With time to contemplate my time with Paul in the depths of a gravel bedded tributary feeding the Dore I allow the water of the stream and the canopy above to inspire a clear channel to my brother. It works to dissolve the stress of loss, which has impacted upon me greatly. I relinquish the pain, recite one of his poems called ‘A Shining Light’ and feeling that my connection has been rejuvenated I move on extending my good wishes to the cattle that have gathered on the other side of a nearby gate.
Passing through Dolward Farm at Turnastone, which is home to the friendliest horse and dog encountered on any trail I reach the Herefordshire Trail with a mighty Oak and keen sheep in my mind. Up through to the other side of White House and Chanstone woods I sit for the most agreeable view of Colliers wood opposite sheltered from the rain by the canopy of trees that reach over the fence I’m now sat beside. There from my sack (OS Grid Ref) I retrieve Paul’s Harmonica, which I play to the patter of rain with visuals to inspire the deepest of love for him. It’s his sound, which he left me to cherish and honour. Here in the vicinity of my rendition for peace I locate my second camp site, which offers up the most awesome sunrise come morning.
Beyond my campsite on the second day I reach St Margarets next to Tanhouse Farm an old family farm, which looks to be another struggling in these modern times. Inside the church at St Margarets, which is entered via a door dating back possibly to the 16th C, I’m greeted by a rood screen that dates back further to the 15th C although the place of actual worship is much older at 12th C AD. All faiths and none I can still appreciate a sacred site of this nature for its essence is the same as many others that being the pursuance of peace as can be witnessed by the doves hanging from the rood screen itself.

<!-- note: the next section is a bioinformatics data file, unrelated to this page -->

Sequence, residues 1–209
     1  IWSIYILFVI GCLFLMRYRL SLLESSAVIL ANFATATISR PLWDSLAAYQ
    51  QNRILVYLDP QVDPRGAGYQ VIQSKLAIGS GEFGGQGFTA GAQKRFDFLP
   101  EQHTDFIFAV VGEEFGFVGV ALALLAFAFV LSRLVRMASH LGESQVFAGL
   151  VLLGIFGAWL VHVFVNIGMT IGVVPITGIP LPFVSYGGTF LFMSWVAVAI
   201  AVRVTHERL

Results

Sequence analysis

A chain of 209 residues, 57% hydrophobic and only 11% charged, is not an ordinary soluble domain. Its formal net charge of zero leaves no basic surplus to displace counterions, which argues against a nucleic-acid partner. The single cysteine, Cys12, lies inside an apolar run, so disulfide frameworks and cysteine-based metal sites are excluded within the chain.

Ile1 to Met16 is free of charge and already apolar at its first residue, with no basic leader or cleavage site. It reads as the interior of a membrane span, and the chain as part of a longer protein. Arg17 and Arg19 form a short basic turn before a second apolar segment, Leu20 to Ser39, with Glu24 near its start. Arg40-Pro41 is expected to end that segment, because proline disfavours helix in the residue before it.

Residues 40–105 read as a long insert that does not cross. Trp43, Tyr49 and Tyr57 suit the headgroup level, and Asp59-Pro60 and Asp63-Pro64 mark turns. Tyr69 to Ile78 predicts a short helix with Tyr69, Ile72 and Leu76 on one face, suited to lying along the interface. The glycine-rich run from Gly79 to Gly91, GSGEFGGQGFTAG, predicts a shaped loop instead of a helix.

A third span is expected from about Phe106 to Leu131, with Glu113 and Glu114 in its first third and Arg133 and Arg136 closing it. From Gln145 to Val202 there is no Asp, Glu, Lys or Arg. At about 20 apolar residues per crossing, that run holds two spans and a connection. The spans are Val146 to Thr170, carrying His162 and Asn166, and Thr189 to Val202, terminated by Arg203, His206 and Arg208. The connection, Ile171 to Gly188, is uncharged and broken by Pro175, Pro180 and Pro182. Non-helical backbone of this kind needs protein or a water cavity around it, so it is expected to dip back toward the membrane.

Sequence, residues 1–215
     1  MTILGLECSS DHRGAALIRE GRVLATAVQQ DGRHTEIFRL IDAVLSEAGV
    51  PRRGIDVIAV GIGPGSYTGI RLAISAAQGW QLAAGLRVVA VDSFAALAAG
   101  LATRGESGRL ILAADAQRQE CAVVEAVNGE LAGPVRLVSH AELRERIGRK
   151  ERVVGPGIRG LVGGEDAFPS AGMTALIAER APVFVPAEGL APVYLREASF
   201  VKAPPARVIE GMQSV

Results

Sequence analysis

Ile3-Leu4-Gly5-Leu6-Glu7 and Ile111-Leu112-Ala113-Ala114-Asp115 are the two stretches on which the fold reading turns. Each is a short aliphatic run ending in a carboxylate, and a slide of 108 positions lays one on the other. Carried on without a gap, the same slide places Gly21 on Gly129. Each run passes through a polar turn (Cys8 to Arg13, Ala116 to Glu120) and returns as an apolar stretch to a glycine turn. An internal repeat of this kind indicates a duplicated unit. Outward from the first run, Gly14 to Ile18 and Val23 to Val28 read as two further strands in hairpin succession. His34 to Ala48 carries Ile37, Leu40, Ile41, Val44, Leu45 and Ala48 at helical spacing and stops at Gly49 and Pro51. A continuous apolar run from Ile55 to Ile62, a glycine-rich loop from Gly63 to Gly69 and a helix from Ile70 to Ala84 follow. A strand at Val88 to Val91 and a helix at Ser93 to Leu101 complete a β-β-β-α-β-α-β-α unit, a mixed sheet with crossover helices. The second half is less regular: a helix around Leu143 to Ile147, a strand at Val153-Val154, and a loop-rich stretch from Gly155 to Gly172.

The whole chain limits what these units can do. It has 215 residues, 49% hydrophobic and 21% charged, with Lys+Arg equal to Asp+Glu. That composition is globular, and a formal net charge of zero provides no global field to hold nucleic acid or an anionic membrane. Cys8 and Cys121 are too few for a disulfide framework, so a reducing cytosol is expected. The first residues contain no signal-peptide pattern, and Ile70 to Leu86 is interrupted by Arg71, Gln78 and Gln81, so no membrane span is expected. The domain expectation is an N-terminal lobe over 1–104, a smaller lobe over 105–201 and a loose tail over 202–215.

Riverdale near Bacton Stud beckons. At first as I read the map I thought Bacton Stud was a thriving equestrian centre but I’ve since learnt that it is in fact redundant as a stud but was once renowned as being the birthplace of Sprig, winner of the 1927 Grand National. The transient nature of life whether in the religious or competitive spheres never fails to impress itself upon my being as I explore the rivers and land around me. Indeed, what with the death of my dear twin Paul almost 9 months ago I’m reminded by all of the history present that my life is as precious as the next. I intend to live it but not before appreciating that which has come before me, which helps magnify the present moment in addition.
Having taken some photos and film of the river, sat and shared a little about the River Dore for Youtube I head for Dore Abbey eager to see a Cistercian domicile I’ve neglected to visit on many occasions before. As I enter, having spoken to some students from Portsmouth and Durham outside, I’m amazed I haven’t gravitated towards the Abbey before now. I comment to myself that Paul would love this and as I continue the dialogue transfixed by the lofty abbey around me I think of Erica to. Wow, echoes from my lips for this 11th Century abbey appears more like a cathedral designed for acoustics that amplify the creator clearly and without distortion. Slowly I make my away around this historic centre in the back country of the border lands intent on soaking up the history latent within its walls. Awe inspired enough I pull out one more instrument of Pauls and begin playing the Jews Harp in front of the organ and alter.